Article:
Such was the uplifting effect that Ireland’s mere participation in Italia ’90 had on the nation, it brought about seldom seen unbridled displays of joyful patriotism and utter madness. The story of the farmer stopping in the midst of haymaking has often been recalled here. Less so, however, the fact that in the build up to the whole thing, our school teacher at the time devoted considerable time to ‘preparing’ us for the monumental few weeks.
Remember, as primary school pupils, a large percentage of the tournament would’ve concluded before the summer holidays even began. So, every day after lunch, we were – very gladly – put through our paces in Give It A Lash Jack, Put ‘Em Under Pressure and the like. Televisions were even transplanted in classrooms on match days.
Maybe age, or a cognisance of how life has gone since, or both, has only helped to really magnify the enormity of what went on at that time and the impact it had on the entire country. Of course, it was a journey that had its first noteworthy pit stop two years earlier when Jack Charlton’s charges qualified for the European Championships.
Now, outside of the magnificent goals scored by Ronnie Whelan and Ray Houghton, my other most prominent memories of that time are musical. The legendary Joxer Goes To Stuttgart from Christy Moore and the less heralded We Are The Boys In Green belted out by big Jack and the squad themselves.
Some (unsurprising) detractors ridiculously decried the style of football employed by Charlton at the time. The same quarters would probably berate God for not putting an eighth day in the week, but I digress. Aside from the football, it’s an endorsement to the Charlton era that those songs are still remembered and adored by followers today.
You see, cringe-worthy team songs – that is to say the team themselves actually singing – usually herald something significant being afoot. And, even though Ireland have been to several major tournaments since, with the exception, possibly, of Rocky Road To Poland none of the songs struck an affinity like the ones from Charlton’s tenure.
All of which leads us to the recent meeting of Ireland and Germany. Now, while it would be rather unwise to read too much into one result which so much of the campaign still to be played out, it did, at least, promote the inclination to dream again. Whilst not for a moment suggesting that Martin and Roy should go looking for a recording studio, yet, it is a genuine belief that the draw garnered in Germany is up there with the penalty shoot out in 1990 and Houghton’s score during USA ’94 in terms of significance.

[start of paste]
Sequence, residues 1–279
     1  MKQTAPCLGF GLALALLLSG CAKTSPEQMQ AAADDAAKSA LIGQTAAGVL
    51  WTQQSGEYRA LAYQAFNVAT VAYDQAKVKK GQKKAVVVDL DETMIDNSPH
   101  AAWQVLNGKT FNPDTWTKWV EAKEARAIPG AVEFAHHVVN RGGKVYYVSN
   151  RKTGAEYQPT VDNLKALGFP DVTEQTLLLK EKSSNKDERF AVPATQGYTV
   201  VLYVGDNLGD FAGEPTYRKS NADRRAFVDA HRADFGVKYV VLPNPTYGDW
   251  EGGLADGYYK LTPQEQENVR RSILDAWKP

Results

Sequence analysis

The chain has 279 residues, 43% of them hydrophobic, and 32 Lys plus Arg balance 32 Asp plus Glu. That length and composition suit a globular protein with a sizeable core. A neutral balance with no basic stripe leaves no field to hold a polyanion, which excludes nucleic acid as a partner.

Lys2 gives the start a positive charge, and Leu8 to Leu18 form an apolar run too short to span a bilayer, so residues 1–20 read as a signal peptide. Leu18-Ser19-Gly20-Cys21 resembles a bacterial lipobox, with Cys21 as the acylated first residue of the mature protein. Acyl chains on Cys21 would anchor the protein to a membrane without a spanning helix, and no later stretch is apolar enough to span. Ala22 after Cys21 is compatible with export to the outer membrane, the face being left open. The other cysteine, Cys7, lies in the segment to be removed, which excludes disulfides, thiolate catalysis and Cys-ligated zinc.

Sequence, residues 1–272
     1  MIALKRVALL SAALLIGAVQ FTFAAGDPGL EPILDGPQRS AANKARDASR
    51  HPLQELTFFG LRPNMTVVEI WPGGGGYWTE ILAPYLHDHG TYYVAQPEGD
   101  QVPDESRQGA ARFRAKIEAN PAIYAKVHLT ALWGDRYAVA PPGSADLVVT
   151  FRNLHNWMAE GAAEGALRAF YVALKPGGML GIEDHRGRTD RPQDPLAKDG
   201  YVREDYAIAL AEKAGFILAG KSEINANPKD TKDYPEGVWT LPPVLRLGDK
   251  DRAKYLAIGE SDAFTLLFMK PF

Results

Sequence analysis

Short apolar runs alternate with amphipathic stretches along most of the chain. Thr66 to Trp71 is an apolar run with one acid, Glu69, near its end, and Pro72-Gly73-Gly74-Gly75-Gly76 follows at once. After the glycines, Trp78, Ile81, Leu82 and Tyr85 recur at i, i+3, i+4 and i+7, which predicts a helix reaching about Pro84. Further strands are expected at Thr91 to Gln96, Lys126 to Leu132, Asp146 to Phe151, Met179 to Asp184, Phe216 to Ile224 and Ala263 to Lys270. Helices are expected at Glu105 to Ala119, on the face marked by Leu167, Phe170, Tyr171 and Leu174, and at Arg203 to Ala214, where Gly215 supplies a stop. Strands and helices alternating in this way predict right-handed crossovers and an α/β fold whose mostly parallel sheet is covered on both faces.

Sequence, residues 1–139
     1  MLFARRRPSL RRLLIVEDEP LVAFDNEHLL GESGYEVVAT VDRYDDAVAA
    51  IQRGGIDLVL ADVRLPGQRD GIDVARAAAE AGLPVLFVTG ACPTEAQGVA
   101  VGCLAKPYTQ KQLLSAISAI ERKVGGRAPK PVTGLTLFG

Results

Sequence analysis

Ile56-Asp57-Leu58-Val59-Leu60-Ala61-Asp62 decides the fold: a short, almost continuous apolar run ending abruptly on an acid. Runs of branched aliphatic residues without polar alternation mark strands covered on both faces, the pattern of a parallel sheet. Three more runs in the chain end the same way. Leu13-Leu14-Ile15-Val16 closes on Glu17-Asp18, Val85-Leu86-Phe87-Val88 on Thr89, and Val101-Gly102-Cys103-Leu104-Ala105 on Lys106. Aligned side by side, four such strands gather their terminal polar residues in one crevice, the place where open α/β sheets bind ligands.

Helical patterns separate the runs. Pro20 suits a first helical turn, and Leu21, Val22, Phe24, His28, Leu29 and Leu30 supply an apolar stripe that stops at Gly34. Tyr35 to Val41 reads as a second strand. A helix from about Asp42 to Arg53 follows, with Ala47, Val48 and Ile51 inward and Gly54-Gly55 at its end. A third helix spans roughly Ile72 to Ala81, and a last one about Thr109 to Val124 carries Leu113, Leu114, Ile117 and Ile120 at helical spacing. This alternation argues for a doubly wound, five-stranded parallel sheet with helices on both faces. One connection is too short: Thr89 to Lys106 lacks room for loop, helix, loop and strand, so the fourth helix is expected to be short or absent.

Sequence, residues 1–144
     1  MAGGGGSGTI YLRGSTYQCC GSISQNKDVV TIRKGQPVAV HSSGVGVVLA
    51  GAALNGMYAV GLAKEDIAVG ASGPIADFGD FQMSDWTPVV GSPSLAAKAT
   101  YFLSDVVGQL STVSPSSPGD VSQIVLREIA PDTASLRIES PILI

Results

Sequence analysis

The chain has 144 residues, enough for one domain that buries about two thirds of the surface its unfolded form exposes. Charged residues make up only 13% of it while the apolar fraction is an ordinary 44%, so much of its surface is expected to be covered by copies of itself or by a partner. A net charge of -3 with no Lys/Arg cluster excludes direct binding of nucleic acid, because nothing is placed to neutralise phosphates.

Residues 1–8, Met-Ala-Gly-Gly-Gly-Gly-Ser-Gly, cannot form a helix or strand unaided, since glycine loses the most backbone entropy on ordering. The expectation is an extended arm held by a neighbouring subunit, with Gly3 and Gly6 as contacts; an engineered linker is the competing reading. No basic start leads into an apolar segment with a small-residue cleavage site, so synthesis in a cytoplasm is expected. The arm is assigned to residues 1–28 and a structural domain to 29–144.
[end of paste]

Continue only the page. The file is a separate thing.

Purely when placed against the backdrop of the abysmal showing at the last major finals contested and the monotonous, stunted atmosphere that at least appeared to hold court in the previous era. Not to mention the bountiful collection of goals the Germans amassed at Ireland’s expense.
Now, as with some of what is ongoing on the rugby front, for the undoubted progress that has been made thus far under O’Neill and Keane, their shaping of things is still very much a work in progress and far from the finished article. Yet, a more satisfactory beginning to competitive fare under the current stewardship could hardly have been envisaged.
It’s worth pointing out, mind you, that the nucleus of a good team has been there for some time. They’d hardly have qualified for the last major tournament if there wasn’t. However, it is also unquestionable that the previous manager’s stubborn refusal to engage some of those currently flourishing also diminished what may have been possible.
Temptation is, maybe naturally, with what must be considered the biggest landmine on the road negotiated in what should surely be deemed a successful manner, to feel that the biggest ditch on the course has been jumped, thereby rendering navigation of the rest of the trek relatively simple.
What looks straightforward navigation can often become complex and veer noticeably off course though. So, caution should and presumably will be exercised by all concerned. Maybe we can start to dream again however. Surely that’s the least anyone can ask.